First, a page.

South Valley bureau, Clovis Independent and Madera’s Sierra Star take hit for the rest of the company
Someone just punched me in the stomach.
I’m winded because The Fresno Bee is laying off 44 of its staff to keep pace with McClatchy’s directive to cut 10% of its workforce. But more personally, it’s because the Bee is concentrating that pain on the Clovis Independent, Madera paper, and the South Valley bureau (Visalia) where I worked for two-and-a-half years as a business reporter.
Those were the days
I was there at it’s zenith. Just a few years ago, at the height of the real estate advertising revenue, the Bee was pushing hard to conquer new territory in the South Valley. Visalia, bursting with new housing developments and served by the Times-Delta (known for overworked and inexperienced reporters) seemed like good pickings. At one time, I think we had almost as many journalists (13) working in the bureau as the Times-Delta did for its daily paper. The competition was fun and friendly. But the competition made everyone better.
Down to 3 journalists
In 2006, as the economy and advertising revenue slowed down, the bureau stopped filling positions from attrition. The bureau, as of today, is almost half that size: 4 reporters, two photographers, and one editor. In a few weeks it will be down to three. Two photographers and two undecided reporters will be laid off. Its editor is being transferred to Fresno.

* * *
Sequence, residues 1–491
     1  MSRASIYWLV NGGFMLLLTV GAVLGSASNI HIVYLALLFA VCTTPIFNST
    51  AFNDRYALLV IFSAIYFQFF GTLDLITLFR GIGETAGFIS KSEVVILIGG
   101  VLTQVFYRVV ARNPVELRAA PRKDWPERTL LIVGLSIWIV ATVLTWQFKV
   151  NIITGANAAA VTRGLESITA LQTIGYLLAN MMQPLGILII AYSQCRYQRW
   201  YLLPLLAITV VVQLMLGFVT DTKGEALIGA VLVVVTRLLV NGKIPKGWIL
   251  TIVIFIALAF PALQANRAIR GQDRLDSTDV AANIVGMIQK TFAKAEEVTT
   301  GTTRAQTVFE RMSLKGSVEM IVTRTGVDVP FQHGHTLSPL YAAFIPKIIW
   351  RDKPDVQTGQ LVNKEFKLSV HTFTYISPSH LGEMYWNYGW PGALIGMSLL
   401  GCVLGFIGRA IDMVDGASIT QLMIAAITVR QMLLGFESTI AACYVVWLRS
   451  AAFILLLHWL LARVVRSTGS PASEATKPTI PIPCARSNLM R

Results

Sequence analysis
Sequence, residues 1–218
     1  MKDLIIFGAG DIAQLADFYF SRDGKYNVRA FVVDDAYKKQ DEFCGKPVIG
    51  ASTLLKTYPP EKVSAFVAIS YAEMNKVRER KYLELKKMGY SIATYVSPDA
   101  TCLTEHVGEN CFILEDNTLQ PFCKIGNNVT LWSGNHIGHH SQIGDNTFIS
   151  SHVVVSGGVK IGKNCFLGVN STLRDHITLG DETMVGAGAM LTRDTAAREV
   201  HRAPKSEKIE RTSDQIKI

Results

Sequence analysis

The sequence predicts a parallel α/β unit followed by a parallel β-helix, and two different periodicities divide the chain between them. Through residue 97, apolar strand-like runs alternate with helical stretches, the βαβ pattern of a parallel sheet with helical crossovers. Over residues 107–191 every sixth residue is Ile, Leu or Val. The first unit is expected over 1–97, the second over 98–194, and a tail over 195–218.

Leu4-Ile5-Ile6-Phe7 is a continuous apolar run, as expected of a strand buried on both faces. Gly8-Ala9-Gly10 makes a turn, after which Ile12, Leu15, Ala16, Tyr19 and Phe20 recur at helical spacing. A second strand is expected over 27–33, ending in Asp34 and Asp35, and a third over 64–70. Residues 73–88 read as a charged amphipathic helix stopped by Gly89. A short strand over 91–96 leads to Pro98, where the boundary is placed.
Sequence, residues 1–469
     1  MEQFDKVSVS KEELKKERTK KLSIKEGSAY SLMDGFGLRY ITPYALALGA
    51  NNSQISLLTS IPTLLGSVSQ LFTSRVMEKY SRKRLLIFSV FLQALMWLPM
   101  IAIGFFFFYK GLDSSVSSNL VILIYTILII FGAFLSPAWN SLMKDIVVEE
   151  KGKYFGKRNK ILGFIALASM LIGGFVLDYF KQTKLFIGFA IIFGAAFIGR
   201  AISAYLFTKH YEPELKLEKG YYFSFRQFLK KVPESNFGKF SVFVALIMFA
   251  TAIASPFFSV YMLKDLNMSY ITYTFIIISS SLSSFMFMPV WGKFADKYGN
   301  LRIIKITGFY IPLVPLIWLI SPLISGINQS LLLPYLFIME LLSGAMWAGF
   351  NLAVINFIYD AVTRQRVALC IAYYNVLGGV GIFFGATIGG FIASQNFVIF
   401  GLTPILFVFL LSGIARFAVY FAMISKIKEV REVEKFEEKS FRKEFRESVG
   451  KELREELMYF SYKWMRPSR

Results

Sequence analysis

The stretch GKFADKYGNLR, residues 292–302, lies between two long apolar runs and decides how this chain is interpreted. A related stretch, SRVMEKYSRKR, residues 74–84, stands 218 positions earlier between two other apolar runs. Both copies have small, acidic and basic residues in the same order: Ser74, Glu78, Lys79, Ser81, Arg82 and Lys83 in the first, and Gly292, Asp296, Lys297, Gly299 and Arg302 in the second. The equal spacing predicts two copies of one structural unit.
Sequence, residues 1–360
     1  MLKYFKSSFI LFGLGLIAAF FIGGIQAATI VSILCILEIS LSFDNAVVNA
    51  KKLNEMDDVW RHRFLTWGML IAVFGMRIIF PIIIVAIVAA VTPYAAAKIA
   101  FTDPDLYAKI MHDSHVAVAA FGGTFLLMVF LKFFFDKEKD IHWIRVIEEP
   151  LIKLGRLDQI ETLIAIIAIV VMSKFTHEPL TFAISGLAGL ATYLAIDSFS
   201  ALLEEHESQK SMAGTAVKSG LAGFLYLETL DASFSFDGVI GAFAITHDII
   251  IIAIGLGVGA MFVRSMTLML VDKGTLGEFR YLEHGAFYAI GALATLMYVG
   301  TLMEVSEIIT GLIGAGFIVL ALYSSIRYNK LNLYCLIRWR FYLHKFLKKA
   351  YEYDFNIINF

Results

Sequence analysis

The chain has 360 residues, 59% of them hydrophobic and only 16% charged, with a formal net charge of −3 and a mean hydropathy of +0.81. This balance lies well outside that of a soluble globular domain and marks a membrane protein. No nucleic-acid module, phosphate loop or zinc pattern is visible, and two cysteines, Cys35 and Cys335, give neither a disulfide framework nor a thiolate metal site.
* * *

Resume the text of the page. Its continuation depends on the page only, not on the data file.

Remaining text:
I don’t have details, but I have also heard that The Clovis Independent–a fine, weekly publication that gave me my first job– will be completely shuttered by the end of June and that Sierra Star in the North Valley will go from twice a week to once a week starting the first week of July.
Why am I writing this? No, I’m not a vulture, hungry for a juicy scoop. I’m not that kind of journalist anymore. I’m writing this because this is information that in today’s media environment, is begging to be released. As librarian Meredith Farkas says, “Information wants to be free.” If I don’t write it, someone else will and should. This is news in today’s times. The Bee and McClatchy in general has been struggling to make a transition to online journalism. Although Fresno’s online community isn’t developed enough to have a dedicated blogger serving as a watchdog on traditional media, it’s only a matter of time before someone takes up that necessary role.